Now with 42 wins in four seasons and a pair of Mountain West titles, Harsin is a name that pops up anytime a Power 5 job becomes available. He is an outstanding recruiter and takes after his mentor, former Boise State and current Washington head coach Chris Petersen. Harsin has also assembled a staff that is top notch and that can go head-to-head with the Pac-12 in recruiting the West Coast.


      Hill, the offensive coordinator, was a record-breaking quarterback himself at Central Washington and served as an assistant at FCS powerhouse Eastern Washington before taking charge of the Broncos offense. Hill has helped in the development of Rypien and has the makings of another prolific offense in 2018.


      Like his boss, Avalos is a former Boise State player. He was a two-time All-WAC linebacker and a four-year letter winner for the Broncos from 2001 to 2004. When the defense slipped in 2016, Avalos revamped the unit and Boise State finished 22nd nationally in total defense (332.6 yards per game) and placed nine players on MWC all-conference teams. Avalos’s 2018 defense is loaded and can be even better than last year.


      Harsin’s staff is loaded with both continuity and former Broncos. Special teams coordinator Kent Riddle has been at Boise State for 10 years. Running backs coach Lee Marks, a former Bronco, enters his fourth season at Boise. Gabe Franklin, who coaches safeties, also played for the Broncos and will be in his third season as a coach. Harsin also had to replace a couple of coaches and did so with former Oregon State defensive line coach Chad Kauha’aha’a, Spencer Danielson, who was a graduate assistant with the Broncos last year, and a name some might recognize for reasons other than football. New cornerbacks coach Jeff Popovich has a ton of experience, including a few years in the NFL. He was also on the first season of the popular reality television show The Bachelorette.


      The bottom line is that Harsin and the Broncos have an outstanding coaching staff that has recruited well enough to add another Mountain West championship trophy to the university’s award cache.



      Last year, the Broncos started slow going .500 in September. The potential for a repeat is there as tricky non-conference games at Troy to open the season and at Oklahoma State in Week 3 loom. Boise gets Connecticut at home on Sept. 8 and ends September at Wyoming, which will be breaking in a new quarterback after Josh Allen’s exit to the NFL.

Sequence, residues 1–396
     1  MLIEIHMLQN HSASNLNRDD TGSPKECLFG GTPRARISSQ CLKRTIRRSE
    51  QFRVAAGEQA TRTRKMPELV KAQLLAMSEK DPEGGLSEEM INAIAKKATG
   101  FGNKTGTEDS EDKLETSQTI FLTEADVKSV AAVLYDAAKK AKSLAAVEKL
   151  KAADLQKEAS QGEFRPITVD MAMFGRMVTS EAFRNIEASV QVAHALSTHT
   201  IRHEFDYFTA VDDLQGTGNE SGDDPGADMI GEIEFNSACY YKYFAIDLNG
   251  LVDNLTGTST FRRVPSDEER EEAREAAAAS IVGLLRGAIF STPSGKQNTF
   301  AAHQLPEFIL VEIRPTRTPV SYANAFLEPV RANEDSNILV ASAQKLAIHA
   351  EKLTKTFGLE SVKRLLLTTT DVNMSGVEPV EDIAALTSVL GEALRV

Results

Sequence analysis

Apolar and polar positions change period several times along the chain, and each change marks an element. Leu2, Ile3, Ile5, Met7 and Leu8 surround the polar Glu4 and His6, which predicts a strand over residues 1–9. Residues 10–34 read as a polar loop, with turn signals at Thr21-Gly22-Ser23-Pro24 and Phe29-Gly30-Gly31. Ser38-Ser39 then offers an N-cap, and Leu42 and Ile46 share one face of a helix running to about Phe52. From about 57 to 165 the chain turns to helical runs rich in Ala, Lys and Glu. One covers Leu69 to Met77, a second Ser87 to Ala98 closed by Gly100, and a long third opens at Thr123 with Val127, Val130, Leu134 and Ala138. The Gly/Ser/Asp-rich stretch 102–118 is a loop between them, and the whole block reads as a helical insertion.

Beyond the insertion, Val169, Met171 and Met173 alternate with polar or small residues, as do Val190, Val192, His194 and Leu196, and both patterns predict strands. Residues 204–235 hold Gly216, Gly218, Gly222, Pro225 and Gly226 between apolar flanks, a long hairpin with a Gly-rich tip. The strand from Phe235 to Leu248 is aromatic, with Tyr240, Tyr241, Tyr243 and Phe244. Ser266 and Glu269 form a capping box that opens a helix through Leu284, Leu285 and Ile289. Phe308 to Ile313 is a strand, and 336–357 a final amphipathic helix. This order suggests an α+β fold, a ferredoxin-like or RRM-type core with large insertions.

The Broncos do get perennial MWC West contenders San Diego State and Fresno State at home this season as well as Colorado State and non-conference foe BYU. Surprisingly, Boise State has not won at Air Force since joining the Mountain West. The Broncos must travel to Colorado Springs this season. They also have a late-season trip to Albuquerque where they will face the triple-option attack of New Mexico. Facing option teams is daunting enough and to have to play two on the road this season could be difficult.


      Harsin’s teams have been known for their late-season heroics. In his four seasons as head coach, Harsin-led Broncos teams are 14-2 in October and 11-4 in November. If Boise State can get out of September with at least three wins, the potential is there for a big New Year’s Party in Boise.




      There are not many FBS programs that return as much experienced talent as the Broncos. A greatly improved defense returns nine starters. The offense returns a four-year starting quarterback, a 1,000-yard rusher, a plethora of quality receivers, and enough stars at tight end to name a constellation. Don’t forget the four all-conference offensive linemen. Boise State’s special teams were very good a year ago and nearly everyone returns. There is enough talent on the 2018 Boise State roster to make a strong run for a New Year’s Six bowl appearance. The Broncos will be the favorite to repeat as Mountain West Conference champions again. The month of September will likely determine whether or not the Broncos are in the discussion for a College Football Playoff berth. Don’t be surprised if they are.